The U.S. economy created a record 4.8 million jobs in June as more restaurants and bars resumed operations, but layoffs remained elevated and raging COVID-19 cases across the country threaten the fledgling recovery.
The flare-up in coronavirus infections, which started in late June, was not captured in the Labor Department’s closely watched monthly employment report published on Thursday as the government surveyed businesses in the middle of the month.
The reopening of businesses after being shuttered in mid-March has unleashed a wave of coronavirus infections in large parts of the country, including the populous California, Florida and Texas. Several states are scaling back or pausing reopenings, and sending some workers back home.
Still, the rebound in hiring added to a stream of data, including consumer spending, in suggesting that the recession which started in February was likely over.
Federal Reserve Chair Jerome Powell this week acknowledged the rebound in activity, saying the economy had “entered an important new phase and (had) done so sooner than expected.” But Powell cautioned the outlook “is extraordinarily uncertain” and would depend on “our success in containing the virus.”
The jump in nonfarm payrolls in June was the largest since the government started keeping records in 1939. Payrolls rebounded 2.699 million in May after a historic 20.787 million plunge in April. Economists polled by Reuters had forecast payrolls increasing by 3 million jobs in June.
President Donald Trump at a press briefing after the data said the jobs report “proves that our economy is roaring back.”
But despite the better-than-expected increase, employment remains 14.7 million jobs below its pre-pandemic level.
The measurement of the unemployment rate continued to be biased down by people incorrectly misclassifying themselves as being “employed but absent from work” last month.
The jobless rate fell to 11.1% last month from 13.3% in May. The Labor Department’s Bureau of Labor Statistics, which compiles the employment report, said the unemployment rate would have been 12.1% without the misclassification problem.
Hiring last month was boosted by the typically low-paying leisure and hospitality industry, which added 2.1 million jobs, accounting for about two-fifths of the gains in payrolls. The return of these workers pushed down average wages 1.2% in June.
Some companies are cutting wages and reducing hours.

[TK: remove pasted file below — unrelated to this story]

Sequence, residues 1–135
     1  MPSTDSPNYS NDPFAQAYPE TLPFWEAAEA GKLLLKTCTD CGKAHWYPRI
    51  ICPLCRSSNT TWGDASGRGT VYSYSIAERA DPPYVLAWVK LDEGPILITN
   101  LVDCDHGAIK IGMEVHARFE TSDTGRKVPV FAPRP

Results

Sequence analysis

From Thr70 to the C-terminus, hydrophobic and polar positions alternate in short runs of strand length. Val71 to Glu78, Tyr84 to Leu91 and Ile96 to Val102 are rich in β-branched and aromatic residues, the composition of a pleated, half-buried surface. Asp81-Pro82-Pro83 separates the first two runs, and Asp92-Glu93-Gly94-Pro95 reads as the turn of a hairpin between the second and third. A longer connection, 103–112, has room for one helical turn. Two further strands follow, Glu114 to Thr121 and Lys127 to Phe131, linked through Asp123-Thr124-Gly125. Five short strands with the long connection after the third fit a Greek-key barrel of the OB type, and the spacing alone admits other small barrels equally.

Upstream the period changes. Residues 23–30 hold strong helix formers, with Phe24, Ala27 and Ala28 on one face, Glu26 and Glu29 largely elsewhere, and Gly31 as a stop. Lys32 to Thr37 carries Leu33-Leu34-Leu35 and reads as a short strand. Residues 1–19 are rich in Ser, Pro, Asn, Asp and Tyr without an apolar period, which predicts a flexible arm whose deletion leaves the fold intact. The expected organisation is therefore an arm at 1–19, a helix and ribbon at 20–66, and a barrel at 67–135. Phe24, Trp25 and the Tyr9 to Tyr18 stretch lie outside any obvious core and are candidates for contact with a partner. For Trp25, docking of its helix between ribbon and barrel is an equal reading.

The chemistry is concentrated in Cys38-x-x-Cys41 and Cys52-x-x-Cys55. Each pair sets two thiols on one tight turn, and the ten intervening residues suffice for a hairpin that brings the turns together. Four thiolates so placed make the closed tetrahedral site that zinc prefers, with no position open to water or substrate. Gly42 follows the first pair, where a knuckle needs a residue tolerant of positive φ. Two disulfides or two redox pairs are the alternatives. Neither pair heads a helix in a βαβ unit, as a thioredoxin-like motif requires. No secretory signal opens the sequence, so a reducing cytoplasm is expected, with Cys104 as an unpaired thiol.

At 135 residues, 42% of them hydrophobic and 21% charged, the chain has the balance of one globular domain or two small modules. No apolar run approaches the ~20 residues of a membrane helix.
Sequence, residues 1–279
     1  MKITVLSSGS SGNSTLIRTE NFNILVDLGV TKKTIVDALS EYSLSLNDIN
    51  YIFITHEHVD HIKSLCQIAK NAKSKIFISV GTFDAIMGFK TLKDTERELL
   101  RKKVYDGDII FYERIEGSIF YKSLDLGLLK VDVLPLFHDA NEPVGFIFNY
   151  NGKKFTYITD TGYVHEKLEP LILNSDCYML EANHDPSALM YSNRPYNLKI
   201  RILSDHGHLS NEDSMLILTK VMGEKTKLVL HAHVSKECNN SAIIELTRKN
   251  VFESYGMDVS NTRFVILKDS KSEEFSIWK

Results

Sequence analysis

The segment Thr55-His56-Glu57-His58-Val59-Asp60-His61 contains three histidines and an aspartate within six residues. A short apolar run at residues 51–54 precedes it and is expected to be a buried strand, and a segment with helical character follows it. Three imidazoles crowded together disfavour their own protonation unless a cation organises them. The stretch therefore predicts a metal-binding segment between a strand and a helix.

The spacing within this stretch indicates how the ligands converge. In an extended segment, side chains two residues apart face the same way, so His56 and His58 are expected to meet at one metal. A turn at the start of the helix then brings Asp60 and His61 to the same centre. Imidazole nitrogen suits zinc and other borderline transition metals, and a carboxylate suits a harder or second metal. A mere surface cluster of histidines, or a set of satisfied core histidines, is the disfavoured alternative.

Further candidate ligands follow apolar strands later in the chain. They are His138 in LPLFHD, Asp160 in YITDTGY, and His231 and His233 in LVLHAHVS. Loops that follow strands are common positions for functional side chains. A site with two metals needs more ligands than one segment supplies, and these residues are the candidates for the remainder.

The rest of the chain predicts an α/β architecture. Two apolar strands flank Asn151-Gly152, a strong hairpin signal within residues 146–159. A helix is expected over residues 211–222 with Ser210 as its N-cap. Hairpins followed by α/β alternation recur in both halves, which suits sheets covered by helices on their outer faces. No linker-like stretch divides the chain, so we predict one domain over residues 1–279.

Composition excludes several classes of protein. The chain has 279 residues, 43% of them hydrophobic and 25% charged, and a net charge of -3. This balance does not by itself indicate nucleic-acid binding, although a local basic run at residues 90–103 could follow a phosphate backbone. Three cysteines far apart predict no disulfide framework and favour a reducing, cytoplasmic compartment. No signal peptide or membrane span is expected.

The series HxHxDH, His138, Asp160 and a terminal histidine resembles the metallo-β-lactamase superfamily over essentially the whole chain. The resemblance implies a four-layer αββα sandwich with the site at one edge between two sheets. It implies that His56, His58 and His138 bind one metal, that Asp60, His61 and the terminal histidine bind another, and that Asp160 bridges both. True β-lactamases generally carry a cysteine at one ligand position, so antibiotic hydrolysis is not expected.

Stocks on Wall Street rallied on the employment data. The dollar was steady against a basket of currencies. U.S. Treasury prices fell.
BROAD JOB GAINS
There were strong job gains in the retail, education and health, manufacturing, construction and professional and business services sectors. Government employment rose modestly as local governments hired teachers and support staff. State governments, confronting reduced revenues and stressed budgets caused by the pandemic, laid off more workers in June.
Employment is increasing largely as companies rehire workers laid off when non-essential businesses like restaurants, bars, gyms and dental offices among others were closed to slow the spread of COVID-19.
Economists have attributed the burst in job gains to the government’s Paycheck Protection Program, giving businesses loans that can be partially forgiven if used for wages. Those funds are drying up and many companies, including some not initially impacted by lockdown measures, are struggling with weak demand forcing them to lay off workers.
Economists and industry watchers say this together with the exhaustion of the PPP loans has triggered a new wave of layoffs, that is keeping weekly new applications for unemployment benefits extraordinarily high.
In a separate report on Thursday the Labor Department said initial claims for state unemployment benefits fell 55,000 to a seasonally adjusted 1.427 million for the week ended June 27. Though claims have declined from a record 6.867 million in late March, progress has stalled.
The claims report also showed the number of people receiving benefits after an initial week of aid rose 59,000 to 19.290 million in the week ending June 20. These so-called continued claims, which are reported with a one-week lag, have dropped from a record 24.912 million in early May.
There were 31.5 million people collecting unemployment checks in mid-June.
With the measurement of the unemployment rate continuing to be distorted since March economists recommend focusing on continuing claims and data on the total number of unemployment checks recipients to get a better view of the labor market.